Ending New Mexico’s Corporate Tax Loophole: Fundamental Fairness 

This may finally be the year New Mexico’s corporate tax loophole dies a much-deserved death.

The origins of the loophole are a mystery, concealed by spooky shadows. “It just appeared,” said Sen. Peter Wirth. “I’ve never been able to figure out where it came from.” 

In 23 states, including all the nation’s western states but New Mexico, multi-state corporations – big-box chains like Walmart or Verizon – pay a state-specific tax on their profits. Because of a loophole in this state, corporations here can transfer otherwise taxable money out of New Mexico to avoid paying corporate taxes. Companies based here don’t have the same option.

This is costing us tens of millions of dollars, Wirth said, and he’s crafted Senate Bill 9 to combat the practice of huge businesses funneling New Mexico profits elsewhere so they can’t be taxed. SB9 requires a “combined return” that accounts for the state’s share of

corporate profits.

“To me, it’s a fundamental fairness issue,” Wirth said. When employees at local New Mexico banks, for instance, look out their office windows at the nation-wide megabank across the street, they’re seeing a

competitor who doesn’t have to pay taxes the smaller bank is on the hook for. Wirth’s bill takes away that advantage for chain companies.

If the idea sounds familiar, that’s because this is the eighth straight year Wirth has attempted to get this loophole-killing bill made into law. It continues to be modified, and at this point it doesn’t just eliminate the loophole, it lowers the overall corporate

tax rate. Companies will pay 7 percent on profits over $1 million (down from 7.6 percent), 5.8 percent on profits between $500,000 and $1 million (down from 6.4) and 4.2 percent on profits under $500,000 (down from 4.8).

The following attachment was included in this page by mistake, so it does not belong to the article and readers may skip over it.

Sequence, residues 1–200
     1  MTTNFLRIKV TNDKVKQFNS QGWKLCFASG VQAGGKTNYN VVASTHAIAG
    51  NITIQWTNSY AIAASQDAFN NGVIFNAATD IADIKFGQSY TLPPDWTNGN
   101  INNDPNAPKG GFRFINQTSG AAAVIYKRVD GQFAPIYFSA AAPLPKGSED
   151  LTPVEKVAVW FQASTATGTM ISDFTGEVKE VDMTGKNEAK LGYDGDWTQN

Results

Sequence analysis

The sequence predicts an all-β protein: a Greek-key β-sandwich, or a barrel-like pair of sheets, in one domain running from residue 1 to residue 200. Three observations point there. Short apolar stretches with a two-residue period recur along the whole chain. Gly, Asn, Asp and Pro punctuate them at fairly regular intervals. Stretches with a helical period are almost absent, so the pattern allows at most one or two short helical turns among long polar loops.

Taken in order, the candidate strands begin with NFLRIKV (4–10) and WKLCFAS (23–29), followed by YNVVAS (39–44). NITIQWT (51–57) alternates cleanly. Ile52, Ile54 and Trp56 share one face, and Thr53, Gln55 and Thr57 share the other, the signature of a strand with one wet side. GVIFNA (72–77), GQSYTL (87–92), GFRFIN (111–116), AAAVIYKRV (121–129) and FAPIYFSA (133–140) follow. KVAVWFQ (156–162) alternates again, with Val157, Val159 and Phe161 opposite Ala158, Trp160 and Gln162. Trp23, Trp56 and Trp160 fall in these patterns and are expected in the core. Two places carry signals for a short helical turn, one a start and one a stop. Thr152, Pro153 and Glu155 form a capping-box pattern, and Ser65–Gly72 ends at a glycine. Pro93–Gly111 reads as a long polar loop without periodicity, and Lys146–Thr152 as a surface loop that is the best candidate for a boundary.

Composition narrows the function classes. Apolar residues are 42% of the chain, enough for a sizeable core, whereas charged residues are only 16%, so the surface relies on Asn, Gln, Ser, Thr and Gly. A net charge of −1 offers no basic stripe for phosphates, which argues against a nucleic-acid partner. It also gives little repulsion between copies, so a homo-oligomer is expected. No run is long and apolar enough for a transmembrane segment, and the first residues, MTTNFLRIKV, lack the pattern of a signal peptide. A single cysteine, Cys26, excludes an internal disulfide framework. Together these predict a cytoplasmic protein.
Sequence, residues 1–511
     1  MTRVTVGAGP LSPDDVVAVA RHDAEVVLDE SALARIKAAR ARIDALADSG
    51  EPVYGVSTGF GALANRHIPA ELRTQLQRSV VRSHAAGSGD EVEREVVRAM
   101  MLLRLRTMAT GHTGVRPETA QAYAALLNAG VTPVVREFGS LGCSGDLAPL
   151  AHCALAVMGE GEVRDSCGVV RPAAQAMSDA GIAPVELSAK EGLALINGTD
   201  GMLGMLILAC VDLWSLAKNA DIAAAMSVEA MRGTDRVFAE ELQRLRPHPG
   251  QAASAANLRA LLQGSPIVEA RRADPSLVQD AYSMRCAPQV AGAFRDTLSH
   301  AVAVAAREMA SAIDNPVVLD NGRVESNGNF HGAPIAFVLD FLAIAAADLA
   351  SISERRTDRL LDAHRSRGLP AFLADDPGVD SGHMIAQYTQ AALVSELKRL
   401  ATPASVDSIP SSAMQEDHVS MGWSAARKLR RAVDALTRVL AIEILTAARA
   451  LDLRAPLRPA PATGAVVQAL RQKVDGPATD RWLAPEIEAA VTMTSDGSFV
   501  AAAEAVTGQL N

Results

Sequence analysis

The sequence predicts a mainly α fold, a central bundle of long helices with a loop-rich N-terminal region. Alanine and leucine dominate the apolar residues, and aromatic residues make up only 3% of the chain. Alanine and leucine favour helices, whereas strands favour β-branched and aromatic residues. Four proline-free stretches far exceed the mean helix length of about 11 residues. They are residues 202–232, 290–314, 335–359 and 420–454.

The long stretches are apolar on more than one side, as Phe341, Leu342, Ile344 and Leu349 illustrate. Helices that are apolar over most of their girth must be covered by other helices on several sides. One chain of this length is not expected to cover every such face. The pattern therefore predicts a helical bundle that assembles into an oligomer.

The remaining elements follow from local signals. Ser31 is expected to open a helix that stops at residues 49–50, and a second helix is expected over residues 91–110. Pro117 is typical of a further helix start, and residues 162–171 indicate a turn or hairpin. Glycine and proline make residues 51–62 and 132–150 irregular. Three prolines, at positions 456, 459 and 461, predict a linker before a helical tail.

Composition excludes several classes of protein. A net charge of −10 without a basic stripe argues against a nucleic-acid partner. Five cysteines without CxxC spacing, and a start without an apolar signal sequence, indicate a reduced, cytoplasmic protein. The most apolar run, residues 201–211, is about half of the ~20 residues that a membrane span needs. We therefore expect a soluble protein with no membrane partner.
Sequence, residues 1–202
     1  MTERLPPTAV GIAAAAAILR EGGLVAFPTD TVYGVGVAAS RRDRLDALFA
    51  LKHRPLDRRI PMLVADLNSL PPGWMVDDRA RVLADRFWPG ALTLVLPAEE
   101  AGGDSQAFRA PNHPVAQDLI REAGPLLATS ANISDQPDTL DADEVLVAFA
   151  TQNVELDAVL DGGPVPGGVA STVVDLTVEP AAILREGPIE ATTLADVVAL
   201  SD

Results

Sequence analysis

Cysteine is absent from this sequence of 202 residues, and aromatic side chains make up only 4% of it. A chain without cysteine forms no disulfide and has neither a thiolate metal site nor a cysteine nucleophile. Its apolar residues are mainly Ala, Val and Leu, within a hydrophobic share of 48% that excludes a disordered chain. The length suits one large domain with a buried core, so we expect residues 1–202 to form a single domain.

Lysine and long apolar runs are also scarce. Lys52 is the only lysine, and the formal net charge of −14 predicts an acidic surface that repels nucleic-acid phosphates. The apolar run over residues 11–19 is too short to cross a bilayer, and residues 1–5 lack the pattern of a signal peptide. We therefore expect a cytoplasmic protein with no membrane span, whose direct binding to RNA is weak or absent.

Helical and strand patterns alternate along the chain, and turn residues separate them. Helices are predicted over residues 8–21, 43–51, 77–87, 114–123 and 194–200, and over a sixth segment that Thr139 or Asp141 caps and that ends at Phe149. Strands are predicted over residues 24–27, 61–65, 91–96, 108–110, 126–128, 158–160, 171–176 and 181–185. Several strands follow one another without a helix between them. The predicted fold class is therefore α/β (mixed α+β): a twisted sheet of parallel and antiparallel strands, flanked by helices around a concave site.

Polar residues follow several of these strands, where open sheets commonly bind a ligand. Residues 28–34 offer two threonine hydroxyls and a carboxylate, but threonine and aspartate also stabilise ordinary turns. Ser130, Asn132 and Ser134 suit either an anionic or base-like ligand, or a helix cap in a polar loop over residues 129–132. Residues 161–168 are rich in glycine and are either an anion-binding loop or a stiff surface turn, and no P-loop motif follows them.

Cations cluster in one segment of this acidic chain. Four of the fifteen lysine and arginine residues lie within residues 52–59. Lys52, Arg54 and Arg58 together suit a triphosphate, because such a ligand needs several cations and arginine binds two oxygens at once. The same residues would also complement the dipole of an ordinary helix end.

The idea is to help businesses by lowering the tax, while making more money by broadening who pays.

“This helps the Governor,” Wirth said, of Gov. Susana Martinez. “I support her idea to give businesses that hire  veterans a tax break, but let’s pay for it.”

Under the weight of corporate lobbying and ideological opposition (the Grover-Norquist crowd that sees every closed loophole as a tax increase, which Norquist calls “stealing”), SB9 has died in committee every year.

Things may change this year, though, as grassroots support for this bill is larger than ever. MoveOn.org is backing Wirth’s efforts, and MoveOn coordinator Steven Mayes said when the bill gets its hearing

with the Corporations Committee (Wirth said a debate is scheduled for Wednesday), he’ll have a contingent of SB9 fans in the audience.

“Senator Wirth has kind of been a lone wolf out in the wilderness, trying to change this,” Mayes said. “He’s never had citizen involvement like this.”

Thirty-six thousand MoveOn members in New Mexico have SB9’s back, Mayes said, and they’re coordinating with other grassroots groups to keep as many as a quarter-million people in the loop on what happens

to SB9. Wavering legislators can expect droves of phone calls and emails about the bill.

Democratic leadership has also said Wirth’s bill is among its highest priorities at the current legislative session.

“These big-box companies take all their profits out of the state,” said Mayes. “Local business owners reinvest in this state, so that money stays here. There’s been all these cuts (since the recession), but there’s never been a citizens’ effort to say ‘We don’t need more

cuts. We have the money, it’s just not going to the right places.’

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